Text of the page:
Jacques Scott and Business Editor Lindsey Turnbull once again join forces to dissect a particular varietal and this month dispel the myth that the noble Riesling grape is nothing more than sweet plonk, by testing five different wines from Old and New World Riesling producers that serve to highlight its obvious versatility.
Riesling’s spiritual home lies in the Mosel-Saar-Ruwer region of Germany but it is grown all over the country, especially in the Rheingau area with its south facing slopes affording the grapes higher than normal doses of sunshine, producing intensely flavoured wines. It is also found all over the world, with some fine wines emanating out of France’s Alsace region, as well as New World producers in New Zealand, Australia and Washington State in the US.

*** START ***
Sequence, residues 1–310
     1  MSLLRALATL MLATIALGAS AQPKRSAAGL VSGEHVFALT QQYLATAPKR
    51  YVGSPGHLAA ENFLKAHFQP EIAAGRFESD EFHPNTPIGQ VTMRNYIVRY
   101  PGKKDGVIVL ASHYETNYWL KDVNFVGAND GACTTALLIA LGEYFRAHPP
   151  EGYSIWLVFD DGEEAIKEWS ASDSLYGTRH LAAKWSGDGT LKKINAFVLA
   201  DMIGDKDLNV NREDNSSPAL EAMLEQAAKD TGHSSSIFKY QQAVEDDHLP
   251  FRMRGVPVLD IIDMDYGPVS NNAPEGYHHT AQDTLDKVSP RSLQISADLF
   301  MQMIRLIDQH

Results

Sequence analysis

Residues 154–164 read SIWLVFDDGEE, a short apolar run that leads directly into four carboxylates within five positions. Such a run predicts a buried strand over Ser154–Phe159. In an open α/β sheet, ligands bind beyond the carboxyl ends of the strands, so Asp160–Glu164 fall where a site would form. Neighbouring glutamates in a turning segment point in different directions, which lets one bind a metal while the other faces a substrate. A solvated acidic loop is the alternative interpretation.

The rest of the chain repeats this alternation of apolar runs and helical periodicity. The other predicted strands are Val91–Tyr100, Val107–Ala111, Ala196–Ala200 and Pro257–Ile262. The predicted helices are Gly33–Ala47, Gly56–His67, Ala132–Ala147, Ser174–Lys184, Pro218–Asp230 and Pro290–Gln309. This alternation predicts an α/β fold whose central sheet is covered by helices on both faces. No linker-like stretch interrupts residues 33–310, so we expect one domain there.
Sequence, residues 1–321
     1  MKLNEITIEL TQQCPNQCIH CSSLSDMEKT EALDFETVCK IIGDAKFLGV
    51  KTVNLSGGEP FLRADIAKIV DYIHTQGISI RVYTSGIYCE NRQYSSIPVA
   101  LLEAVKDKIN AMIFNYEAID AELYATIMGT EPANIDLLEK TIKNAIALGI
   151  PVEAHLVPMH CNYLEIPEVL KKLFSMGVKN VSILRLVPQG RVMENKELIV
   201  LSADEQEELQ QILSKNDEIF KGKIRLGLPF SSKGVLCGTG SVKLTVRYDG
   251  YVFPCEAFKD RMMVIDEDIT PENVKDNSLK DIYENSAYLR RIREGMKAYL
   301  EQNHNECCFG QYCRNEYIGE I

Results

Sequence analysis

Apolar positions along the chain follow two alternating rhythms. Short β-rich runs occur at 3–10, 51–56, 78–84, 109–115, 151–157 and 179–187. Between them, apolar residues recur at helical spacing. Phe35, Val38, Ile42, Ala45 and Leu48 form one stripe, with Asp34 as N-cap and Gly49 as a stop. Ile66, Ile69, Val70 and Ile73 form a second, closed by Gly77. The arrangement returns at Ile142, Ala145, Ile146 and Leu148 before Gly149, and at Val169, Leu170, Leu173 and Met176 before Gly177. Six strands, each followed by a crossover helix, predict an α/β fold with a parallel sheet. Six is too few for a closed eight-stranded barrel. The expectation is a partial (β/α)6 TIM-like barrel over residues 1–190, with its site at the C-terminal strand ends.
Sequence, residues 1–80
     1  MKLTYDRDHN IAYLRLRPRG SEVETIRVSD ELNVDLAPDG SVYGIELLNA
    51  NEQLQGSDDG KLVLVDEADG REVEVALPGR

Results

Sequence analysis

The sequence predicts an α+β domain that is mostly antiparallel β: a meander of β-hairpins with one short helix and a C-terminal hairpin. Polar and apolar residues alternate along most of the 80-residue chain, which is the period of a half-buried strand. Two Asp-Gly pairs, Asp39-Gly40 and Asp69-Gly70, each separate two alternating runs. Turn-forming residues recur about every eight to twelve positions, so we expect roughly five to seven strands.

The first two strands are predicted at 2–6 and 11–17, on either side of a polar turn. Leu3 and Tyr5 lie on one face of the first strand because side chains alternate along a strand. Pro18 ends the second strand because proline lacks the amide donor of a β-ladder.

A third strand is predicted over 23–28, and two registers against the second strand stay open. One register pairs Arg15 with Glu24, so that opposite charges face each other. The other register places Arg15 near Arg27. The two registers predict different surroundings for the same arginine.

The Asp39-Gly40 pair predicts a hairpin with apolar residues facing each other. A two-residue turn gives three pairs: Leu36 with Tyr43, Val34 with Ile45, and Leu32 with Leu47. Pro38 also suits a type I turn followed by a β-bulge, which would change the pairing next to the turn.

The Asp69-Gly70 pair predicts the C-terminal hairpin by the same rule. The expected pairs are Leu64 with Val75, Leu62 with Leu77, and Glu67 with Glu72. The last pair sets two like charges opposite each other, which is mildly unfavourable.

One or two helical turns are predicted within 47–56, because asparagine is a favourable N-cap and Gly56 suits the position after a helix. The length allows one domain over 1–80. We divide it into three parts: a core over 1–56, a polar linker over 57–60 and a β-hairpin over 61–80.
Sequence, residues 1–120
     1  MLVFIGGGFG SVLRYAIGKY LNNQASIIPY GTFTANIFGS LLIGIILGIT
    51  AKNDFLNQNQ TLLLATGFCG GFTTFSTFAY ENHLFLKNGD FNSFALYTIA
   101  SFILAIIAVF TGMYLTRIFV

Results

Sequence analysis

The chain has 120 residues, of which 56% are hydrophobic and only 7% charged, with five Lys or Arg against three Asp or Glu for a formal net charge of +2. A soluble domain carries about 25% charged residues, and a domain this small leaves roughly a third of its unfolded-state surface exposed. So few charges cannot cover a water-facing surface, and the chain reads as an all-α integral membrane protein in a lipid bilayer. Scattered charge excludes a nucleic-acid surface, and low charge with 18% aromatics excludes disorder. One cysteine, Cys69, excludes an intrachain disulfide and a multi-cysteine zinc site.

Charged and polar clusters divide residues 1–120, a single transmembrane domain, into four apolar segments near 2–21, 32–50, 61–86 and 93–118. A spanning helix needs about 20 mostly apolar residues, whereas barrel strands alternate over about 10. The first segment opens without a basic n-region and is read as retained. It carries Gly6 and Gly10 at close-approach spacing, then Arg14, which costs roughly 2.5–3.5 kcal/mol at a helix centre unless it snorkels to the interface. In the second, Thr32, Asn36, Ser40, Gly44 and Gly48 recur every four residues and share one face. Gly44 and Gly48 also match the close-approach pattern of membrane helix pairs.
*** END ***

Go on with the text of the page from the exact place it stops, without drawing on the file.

Getting to grips with German wine labeling is a good start to appreciating Riesling (see sidebar for a look at deciphering the classification) but the wine basically can vary from dry to tongue-curlingly sweet, so it is a worthwhile enterprise in order to know exactly what you are buying.
Tasters for our Riesling dissection enjoyed a splendid selection of dishes from the chefs at Mezza, the food really assisting us in our quest to appreciate the different styles and nuances of this noble grape. Our assessment started with the driest wine through to the sweetest.